Leaders of the three devolved nations have joined calls for the Westminster government to drop the planned cut in Universal Credit (UC) payments. The move comes amid fears of a “cost of living crisis”.
The heads of the Scottish, Welsh and Northern Ireland administrations said cutting the £20-a-week UC uplift would leave millions across the UK facing an “unprecedented squeeze” on their household budgets.
The temporary uplift in UC was announced last year at the start of the pandemic. It began winding down towards the end of September and will finally come to an end this week.
Charities and opposition parties have widely condemned the move. While many Conservative MPs are also reportedly concerned about the impact on low-income families.
Scottish first minister Nicola Sturgeon, Welsh first minister Mark Drakeford, and the first and deputy first minister of Northern Ireland, Paul Givan and Michelle O’Neill, wrote a joint letter to Boris Johnson. In it, they said there was still time for a change of heart.
Writing as Conservatives were gathering in Blackpool for their annual party conference, they said:
Your Government is withdrawing this lifeline just as the country is facing a significant cost-of-living crisis.
This winter millions of people are facing an untenable combination of increases to the cost of food and energy, rising inflation, the end of the furlough scheme, and an imminent hike to National Insurance contributions.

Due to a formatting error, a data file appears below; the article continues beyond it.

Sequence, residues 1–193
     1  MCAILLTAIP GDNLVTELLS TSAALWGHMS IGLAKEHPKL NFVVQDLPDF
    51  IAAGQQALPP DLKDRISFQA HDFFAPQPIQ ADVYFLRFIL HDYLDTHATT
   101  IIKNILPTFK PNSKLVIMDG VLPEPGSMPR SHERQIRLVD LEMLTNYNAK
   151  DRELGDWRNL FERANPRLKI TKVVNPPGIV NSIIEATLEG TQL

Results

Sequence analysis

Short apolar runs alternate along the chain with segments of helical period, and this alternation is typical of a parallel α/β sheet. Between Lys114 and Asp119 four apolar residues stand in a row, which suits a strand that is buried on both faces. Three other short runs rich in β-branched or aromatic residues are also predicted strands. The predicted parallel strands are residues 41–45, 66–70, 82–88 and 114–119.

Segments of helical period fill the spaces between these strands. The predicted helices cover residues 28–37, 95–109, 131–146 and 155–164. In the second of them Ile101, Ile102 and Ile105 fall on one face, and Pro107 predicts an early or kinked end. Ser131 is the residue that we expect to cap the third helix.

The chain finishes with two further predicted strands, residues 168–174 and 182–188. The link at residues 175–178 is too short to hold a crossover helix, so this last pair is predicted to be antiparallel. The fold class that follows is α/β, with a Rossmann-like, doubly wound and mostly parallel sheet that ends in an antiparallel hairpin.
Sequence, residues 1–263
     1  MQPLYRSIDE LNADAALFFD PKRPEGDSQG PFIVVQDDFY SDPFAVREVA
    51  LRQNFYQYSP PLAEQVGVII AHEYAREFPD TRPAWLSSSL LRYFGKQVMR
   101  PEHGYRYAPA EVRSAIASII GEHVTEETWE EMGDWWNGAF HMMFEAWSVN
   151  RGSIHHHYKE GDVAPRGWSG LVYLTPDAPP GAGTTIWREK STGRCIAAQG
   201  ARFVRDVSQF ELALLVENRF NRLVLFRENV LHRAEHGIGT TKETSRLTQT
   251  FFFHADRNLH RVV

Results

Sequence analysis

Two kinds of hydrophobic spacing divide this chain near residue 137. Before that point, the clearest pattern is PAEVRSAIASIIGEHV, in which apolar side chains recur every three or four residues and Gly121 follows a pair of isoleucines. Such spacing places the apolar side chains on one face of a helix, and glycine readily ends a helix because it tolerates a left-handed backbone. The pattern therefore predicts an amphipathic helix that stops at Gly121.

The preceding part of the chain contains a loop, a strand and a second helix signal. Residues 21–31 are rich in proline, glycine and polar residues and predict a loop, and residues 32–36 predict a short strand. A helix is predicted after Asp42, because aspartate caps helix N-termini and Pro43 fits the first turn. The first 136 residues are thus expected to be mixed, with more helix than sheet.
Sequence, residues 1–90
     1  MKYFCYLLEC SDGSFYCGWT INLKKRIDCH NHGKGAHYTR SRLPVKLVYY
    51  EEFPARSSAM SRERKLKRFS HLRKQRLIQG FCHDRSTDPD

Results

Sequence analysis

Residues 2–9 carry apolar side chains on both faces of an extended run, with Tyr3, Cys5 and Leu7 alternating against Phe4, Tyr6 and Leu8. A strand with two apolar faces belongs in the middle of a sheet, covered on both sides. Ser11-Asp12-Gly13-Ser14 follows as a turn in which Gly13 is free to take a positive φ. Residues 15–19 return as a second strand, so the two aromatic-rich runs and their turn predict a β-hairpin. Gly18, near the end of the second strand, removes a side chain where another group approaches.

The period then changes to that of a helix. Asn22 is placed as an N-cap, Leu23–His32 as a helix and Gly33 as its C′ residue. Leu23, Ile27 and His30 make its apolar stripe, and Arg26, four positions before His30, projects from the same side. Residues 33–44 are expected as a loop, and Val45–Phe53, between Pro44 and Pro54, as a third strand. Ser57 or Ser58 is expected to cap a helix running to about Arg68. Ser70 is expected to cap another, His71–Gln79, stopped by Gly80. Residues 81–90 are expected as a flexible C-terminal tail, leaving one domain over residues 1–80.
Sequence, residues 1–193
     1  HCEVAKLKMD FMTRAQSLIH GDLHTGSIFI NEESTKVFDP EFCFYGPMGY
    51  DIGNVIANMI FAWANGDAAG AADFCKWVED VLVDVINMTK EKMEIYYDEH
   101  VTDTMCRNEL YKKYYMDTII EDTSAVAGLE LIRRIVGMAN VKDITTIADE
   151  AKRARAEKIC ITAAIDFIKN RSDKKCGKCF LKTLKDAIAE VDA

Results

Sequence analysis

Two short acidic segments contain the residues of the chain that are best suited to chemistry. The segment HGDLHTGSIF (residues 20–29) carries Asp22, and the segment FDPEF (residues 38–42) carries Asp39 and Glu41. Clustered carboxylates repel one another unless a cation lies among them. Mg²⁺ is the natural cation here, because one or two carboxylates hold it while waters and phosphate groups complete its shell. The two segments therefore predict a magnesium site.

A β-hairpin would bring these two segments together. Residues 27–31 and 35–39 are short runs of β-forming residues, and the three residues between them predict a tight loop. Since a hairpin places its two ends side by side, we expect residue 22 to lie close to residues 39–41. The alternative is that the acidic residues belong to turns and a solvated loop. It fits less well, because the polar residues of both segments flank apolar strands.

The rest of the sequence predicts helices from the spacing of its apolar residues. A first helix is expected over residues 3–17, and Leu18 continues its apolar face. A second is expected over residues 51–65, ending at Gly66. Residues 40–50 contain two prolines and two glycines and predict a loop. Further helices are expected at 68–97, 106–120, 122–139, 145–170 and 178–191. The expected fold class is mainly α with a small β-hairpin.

There is no rationale for cutting such crucial support at a point when people across the UK are facing an unprecedented squeeze on their household budgets.
Chancellor Rishi Sunak has announced a £500m hardship fund. But they said this was a “wholly inadequate” replacement for the £6bn provided through the uplift. The fund is only intended to provide discretionary payments to individuals or families. The leaders of the devolved nations said:
To support a meaningful recovery from this pandemic we must first ensure the needs of our most vulnerable are met…
This cut threatens to undermine the recovery by diminishing the capacity of six million people to make ends meet.
It is not too late for you to reverse the decision to take money out of the pockets of the poorest in society at a time when they are facing a serious cost of living crisis.
A government spokesperson said:
We’ve always been clear that the uplift to Universal Credit and the furlough scheme were temporary.
They were designed to help claimants through the economic shock and financial disruption of the toughest stages of the pandemic, and they have done so.
Universal Credit will continue to provide vital support for those both in and out of work.
‘Morally wrong’ and ‘cruel’
Commenting on the letter, Givan said:
The removal of this modest uplift from 134,000 people across Northern Ireland will negatively impact on their wellbeing, and that of their families.
We cannot ignore the harm it would cause, including to tens of thousands of children.
Moreover, O’Neill said the planned cut would risk driving families into poverty:
It is morally wrong, it’s cruel and it’s simply not good enough.
And she called on Johnson to “do the right thing”.
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